alexandre cabanel’s ‘mort de francesca de riminiet de paolo malatesta’

there was even a 1/100th detailed model of the palais garnier, longitudinal cross section, the original paris opera house, on display in the back wing. there was a rope and stachion set up to close the wing, but the security guard was so nice to us and made an exception for us only; that is, if we were quick about it. bien sur. so kind to let us in that wing for a look when it was closing time and everyone was being slowly ushered out to the front doors.

we had a great day, saw many wonderful things and i’m still impressed with the french hospitality. what i can do without is the 30c weather (i can’t imagine it when summer really comes full on in july/august) unless youre uber rich, air conditioning is a luxury here. it’s been so hot the past couple of days, there’s been 2 blackouts in our area of clichy (one while we were shopping at the market today! never had that happen before!) so the rest of the day, we grabbed some drinks, snacks and fruit to await for the heat to break into a more comfortable night.

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thank you, mr eiffel! you did good!

the best compliment anyone can give me when i’m travelling is to come up and ask me for directions. it’s happened in every city i’ve been to. that is the most flattering to me. this morning while i was sitting on a rail, waiting for chris to get his morning fix, a woman came up to me and asked in french, ‘ou est la fourche?’ (metro station nearby) i pointed in the direction she was going in and said, ‘la fourche est la-bas.’ and then she thanked me and went on her way. what a groovy way to start the morning!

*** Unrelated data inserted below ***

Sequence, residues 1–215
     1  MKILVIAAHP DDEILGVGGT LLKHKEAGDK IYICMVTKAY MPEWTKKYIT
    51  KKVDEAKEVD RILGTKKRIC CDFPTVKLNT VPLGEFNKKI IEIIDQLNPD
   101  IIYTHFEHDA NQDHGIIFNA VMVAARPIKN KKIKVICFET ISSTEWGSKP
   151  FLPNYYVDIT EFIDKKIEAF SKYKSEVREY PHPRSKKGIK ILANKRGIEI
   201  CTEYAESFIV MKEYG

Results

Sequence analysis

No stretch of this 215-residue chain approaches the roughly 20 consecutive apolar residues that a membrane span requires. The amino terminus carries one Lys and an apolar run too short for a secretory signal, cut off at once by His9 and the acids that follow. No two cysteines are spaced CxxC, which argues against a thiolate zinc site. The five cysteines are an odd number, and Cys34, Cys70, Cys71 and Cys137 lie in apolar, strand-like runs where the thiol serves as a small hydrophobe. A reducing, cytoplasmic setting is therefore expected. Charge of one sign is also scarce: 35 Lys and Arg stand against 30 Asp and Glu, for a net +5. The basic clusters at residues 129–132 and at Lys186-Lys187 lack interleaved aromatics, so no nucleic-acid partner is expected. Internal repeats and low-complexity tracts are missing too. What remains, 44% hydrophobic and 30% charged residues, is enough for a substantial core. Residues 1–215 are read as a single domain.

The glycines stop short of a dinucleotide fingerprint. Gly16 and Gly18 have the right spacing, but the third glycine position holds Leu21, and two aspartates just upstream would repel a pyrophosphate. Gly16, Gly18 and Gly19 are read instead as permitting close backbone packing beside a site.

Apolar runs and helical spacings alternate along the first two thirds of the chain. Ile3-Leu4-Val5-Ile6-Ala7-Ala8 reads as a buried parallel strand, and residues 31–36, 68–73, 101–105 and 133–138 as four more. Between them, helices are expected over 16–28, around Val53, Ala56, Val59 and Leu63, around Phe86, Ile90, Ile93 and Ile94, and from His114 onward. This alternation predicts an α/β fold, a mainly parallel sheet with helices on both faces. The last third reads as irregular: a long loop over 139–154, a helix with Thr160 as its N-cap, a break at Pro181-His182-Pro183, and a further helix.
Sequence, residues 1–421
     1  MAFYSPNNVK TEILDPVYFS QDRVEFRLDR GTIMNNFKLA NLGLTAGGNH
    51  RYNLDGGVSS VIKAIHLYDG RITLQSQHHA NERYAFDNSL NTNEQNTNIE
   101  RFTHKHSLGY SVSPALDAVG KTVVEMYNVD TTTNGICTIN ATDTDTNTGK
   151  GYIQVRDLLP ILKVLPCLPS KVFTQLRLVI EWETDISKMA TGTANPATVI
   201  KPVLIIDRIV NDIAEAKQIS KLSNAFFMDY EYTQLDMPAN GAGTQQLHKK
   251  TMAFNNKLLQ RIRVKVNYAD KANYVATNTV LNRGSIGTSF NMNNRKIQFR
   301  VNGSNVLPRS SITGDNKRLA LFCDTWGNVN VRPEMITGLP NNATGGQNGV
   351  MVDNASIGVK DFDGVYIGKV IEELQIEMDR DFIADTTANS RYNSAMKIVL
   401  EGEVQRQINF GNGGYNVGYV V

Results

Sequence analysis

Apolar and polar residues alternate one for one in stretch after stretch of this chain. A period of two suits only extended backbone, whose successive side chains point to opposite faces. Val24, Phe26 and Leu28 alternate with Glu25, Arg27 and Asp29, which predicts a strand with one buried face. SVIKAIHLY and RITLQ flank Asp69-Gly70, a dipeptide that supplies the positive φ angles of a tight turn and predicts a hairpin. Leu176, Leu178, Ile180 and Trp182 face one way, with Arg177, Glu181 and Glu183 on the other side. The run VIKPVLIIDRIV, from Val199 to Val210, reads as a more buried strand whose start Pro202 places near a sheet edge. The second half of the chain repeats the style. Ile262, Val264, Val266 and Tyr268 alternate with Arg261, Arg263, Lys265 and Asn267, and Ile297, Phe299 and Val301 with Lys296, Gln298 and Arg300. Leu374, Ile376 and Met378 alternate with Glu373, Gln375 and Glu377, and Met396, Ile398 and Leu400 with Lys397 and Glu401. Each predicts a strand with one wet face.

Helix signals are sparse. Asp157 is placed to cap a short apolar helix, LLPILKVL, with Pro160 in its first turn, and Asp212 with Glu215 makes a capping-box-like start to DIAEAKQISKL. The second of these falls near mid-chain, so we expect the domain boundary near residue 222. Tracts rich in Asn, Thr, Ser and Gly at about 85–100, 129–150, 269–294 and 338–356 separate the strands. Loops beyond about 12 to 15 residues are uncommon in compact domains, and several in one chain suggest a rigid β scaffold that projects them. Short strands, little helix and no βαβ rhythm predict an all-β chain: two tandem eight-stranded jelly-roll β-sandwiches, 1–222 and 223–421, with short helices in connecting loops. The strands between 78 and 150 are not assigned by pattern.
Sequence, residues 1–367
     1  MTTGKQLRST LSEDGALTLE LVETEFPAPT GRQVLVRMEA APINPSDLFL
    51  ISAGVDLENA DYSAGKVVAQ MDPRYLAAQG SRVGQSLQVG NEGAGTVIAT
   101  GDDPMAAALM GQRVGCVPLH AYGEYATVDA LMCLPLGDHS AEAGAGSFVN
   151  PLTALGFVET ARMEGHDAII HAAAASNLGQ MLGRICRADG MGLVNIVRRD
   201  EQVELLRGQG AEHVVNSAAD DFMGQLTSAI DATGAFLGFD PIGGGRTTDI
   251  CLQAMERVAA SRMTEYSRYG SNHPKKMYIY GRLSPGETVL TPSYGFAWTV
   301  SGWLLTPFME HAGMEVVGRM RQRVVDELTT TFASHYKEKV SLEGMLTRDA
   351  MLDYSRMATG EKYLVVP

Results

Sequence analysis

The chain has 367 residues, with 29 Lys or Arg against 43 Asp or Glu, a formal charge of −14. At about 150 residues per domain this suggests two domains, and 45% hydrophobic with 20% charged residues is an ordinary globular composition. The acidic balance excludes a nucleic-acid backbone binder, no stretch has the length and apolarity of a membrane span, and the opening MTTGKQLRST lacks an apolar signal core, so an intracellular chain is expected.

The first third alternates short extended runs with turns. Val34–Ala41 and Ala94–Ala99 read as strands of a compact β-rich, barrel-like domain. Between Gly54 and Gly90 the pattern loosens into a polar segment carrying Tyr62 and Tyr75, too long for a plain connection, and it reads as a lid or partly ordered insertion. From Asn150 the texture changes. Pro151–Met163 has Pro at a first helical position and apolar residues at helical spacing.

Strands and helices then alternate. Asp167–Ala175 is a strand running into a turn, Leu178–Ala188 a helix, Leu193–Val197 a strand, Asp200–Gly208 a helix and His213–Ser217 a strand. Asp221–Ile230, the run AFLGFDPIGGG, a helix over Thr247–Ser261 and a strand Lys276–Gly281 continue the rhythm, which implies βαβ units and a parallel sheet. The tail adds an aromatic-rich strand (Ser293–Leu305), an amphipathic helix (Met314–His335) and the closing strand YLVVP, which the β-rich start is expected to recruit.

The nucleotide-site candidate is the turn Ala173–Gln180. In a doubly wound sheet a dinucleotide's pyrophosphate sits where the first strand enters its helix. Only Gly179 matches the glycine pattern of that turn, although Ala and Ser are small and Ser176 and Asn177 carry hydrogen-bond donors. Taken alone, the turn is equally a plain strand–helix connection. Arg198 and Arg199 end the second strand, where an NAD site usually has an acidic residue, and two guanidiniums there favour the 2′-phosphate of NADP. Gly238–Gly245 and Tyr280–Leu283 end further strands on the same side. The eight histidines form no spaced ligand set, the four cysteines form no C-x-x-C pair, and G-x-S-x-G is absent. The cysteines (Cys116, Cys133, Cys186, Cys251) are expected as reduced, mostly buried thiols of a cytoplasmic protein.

after our brekkie of croissants at our spot, we tubed it to arc de triomphe. when you surface, you can catch a corner of this monument and it made me ‘oh my god’ in delight. it’s so surreal to see it in real life after only seeing it in print or in celluloid since forever. the arc, which was built to celebrate napolean’s victory at austerlitz in 1836, stands in the middle from which 12 avenues radiate like spokes on a wheel. it stands 50m high or 284 steps to the top for city views.

chris and i debated about going to the top but the champs elysee was beckoning. the champs elysee is the most elegant and ritziest avenue i’ve ever had the pleasure to walk on. i would expect no other street in the world could match this one. it’s tree lined all down the avenue with dining patios, designer stores and many flagship stores. it’s the only street in paris that has garbage pickers and sidewalk cleaners on sweeping machines, while all the rest of paris’ arrondissements can be neglected. most of the stores were a ‘tad’ out of my price range but definitely a visit to paris must include this.

after a salad lunch at le xvi, we went to the eiffel tower. absolutely nothing prepares you for this iconic wonder. nothing. even when chris told me it’s around the corner, as soon as i first caught sight of the top of it between some trees blocks away, i was jumping up and down, like a kid on christmas morning. such a nerd. i mean, what a striking fixture on the city’s skyline! when chris and i got out of the metro we walked past apartments that’d clearly have a view of the tower. my lord, i can only imagine what the house prices must go for!